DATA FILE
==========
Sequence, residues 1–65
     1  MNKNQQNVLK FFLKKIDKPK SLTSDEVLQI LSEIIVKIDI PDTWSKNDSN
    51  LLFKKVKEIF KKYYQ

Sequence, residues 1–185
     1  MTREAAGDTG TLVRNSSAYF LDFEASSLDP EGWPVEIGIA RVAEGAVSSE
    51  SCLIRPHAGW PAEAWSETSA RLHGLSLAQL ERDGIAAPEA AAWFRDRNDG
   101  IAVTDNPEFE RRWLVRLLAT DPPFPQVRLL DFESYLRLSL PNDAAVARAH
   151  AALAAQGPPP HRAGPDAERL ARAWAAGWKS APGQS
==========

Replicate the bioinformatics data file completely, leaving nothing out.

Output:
Sequence, residues 1–65
     1  MNKNQQNVLK FFLKKIDKPK SLTSDEVLQI LSEIIVKIDI PDTWSKNDSN
    51  LLFKKVKEIF KKYYQ

Sequence, residues 1–185
     1  MTREAAGDTG TLVRNSSAYF LDFEASSLDP EGWPVEIGIA RVAEGAVSSE
    51  SCLIRPHAGW PAEAWSETSA RLHGLSLAQL ERDGIAAPEA AAWFRDRNDG
   101  IAVTDNPEFE RRWLVRLLAT DPPFPQVRLL DFESYLRLSL PNDAAVARAH
   151  AALAAQGPPP HRAGPDAERL ARAWAAGWKS APGQS